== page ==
By Jim Schutze
By Rachel Watts
By Lauren Drewes Daniels
By Anna Merlan
By Lee Escobedo
By Eric Nicholson
On one stop, his boat was moored in the Solomon Islands. "I was sitting on the fantail," Thompson recalls, "just playing the guitar. All these natives were hanging around selling beads and shells from these outrigger canoes, and this one kid heard me, and motioned to me to give him the guitar. I did, and he kinda held it"--here Thompson mimics a beginner's tentative holding of an instrument--"and started singing 'San Antonio Rose.' Well, he really liked it, and he offered me all his beads--the whole canoe full--and of course I said no. He paddles off, and after a while he comes back, with another canoe, just as full of shells, and there's a young girl in there, too, and she was part of the deal. He was offering me all of his worldly possessions--but I told him that I didn't think the Navy would like that, so I'd just keep the guitar."
After the war, Thompson ended up attending Princeton, the University of Texas, and finally Southern Methodist University, studying electrical engineering on the GI Bill. He was discharged in 1946 and stopped by radio station WACO to inquire after his old job. "When I left, it was all shakin' hands and 'give 'em hell,' 'God bless and good luck,' and 'your job'll be waiting for you when you get back,'" Thompson recalls. "So I asked them about my old radio show and found out it was a little different story.
"I told them I was a lot better now, and they said they'd call me. I was really disappointed, standing there on the street, and I ran into this ol' boy who told me about this new station, KWTX, right around the corner, so I went over there. The carpenters were still working on it. The manager was a guy I knew, so I did a few songs for 'em, and they were really impressed."
One of the songs that caught the attention of the radio people was "My Brazos Valley Rancho," a song Thompson had written on gold-embossed Navy stationery aboard the tug. "When they heard that, they said, 'That's your theme song!' They put me on at 12:15 p.m., right between Cedric Foster, the top-rated news commentator, and Queen For a Day, the number one daytime radio show. The mail just started pouring in," Thompson says.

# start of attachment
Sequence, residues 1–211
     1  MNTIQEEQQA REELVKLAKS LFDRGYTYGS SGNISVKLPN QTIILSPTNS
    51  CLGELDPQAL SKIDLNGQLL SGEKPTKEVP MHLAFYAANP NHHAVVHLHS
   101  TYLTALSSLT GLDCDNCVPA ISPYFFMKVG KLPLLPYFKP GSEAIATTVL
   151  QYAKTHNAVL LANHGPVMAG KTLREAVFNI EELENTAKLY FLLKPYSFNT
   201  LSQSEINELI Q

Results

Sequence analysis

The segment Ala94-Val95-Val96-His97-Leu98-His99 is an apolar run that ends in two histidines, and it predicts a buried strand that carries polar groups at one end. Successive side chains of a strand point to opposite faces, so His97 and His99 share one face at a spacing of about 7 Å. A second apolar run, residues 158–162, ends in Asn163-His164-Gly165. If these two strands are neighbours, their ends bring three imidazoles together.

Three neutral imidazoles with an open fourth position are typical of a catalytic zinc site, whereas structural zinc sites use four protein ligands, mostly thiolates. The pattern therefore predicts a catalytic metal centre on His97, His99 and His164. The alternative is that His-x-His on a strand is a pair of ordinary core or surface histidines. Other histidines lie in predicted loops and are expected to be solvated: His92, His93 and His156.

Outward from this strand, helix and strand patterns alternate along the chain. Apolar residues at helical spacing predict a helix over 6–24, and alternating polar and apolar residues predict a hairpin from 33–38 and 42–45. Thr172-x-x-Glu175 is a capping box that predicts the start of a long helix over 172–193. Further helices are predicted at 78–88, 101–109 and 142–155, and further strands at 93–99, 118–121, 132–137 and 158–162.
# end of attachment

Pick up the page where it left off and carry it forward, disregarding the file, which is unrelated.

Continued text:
Soon he was getting requests for personal appearances. Although he was still solo on KWTX, he put together a band of locals and started playing schoolhouses and a few dances here and there. His dad--although he never did really think of singing as a legitimate occupation--helped him out by buying him a brand-new 1946 Chevrolet. "He paid for that car with fifteen $100 bills," Thompson recalls. "I had never seen a $100 bill before."
Hank would often stop by Shelby Music Company, a business that serviced local jukeboxes. Its owner went to Dallas every week to buy stock, and knew there was a guy from California who was looking for new country talent. So Thompson went to Dallas' famed Sellars Studios and cut his first single--"Swing Wide Your Gate of Love," b/w "Whoa Sailor"--for the small Globe label. His backup band included old chum Jimmy Gilliland and some other pickers known to Hank, performing under the moniker of the Brazos Valley Boys. Although the arrangements and instrumentation were very basic and his delivery more sincere than accomplished, the single revealed that the kernel of Thompson's musical persona was already established. Both songs were of Navy vintage, but it was clear that Hank the Hired Hand had grown up while away and was now privy to the vagaries of women and romance.
But these songs also showed what was to be his greatest asset--an implicit friendliness that allowed you to go along with a song, no matter how silly, sad, or sexy. Face it: In the hands of, say, The Artist Formerly Known as Prince, "Swing Wide Your Gate of Love" would come across as raunchy carnality; in Thompson's hands--especially the rough Globe version--the song is a request for the most innocent kind of entry. "Whoa Sailor" was inspired by Hank's experiences dating while in the Navy and established another Thompson trademark--an affinity for clever wordplay and narrative turnarounds. Both tunes have an almost sing-songy bounce that would find its best expression a little more than a year later with "Humpty Dumpty Heart," one of his best-known songs, and continued throughout Hank's career in the form of what he called his "nursery rhyme songs," some more obvious than others: "Mary Had a Little Lamb (His Love was Pure as Snow)" (1948), "Rub-A-Dub-Dub" (1953), and "Simple Simon" (1955).
"I always wrote with sort of a subtlety of humor," Thompson says. "If you take it a little lighter-hearted, it lifts it out of the straight tear-jerker."
Released in September of 1946, "Swing Wide" took off regionally. KRLD in Dallas played both sides on its Hillbilly Hit Parade; both were enormously popular in the area. When Tex Ritter came to Texas in 1947, Capitol Records had told him to keep an eye peeled for new talent. Thompson was signed to Capitol soon afterward.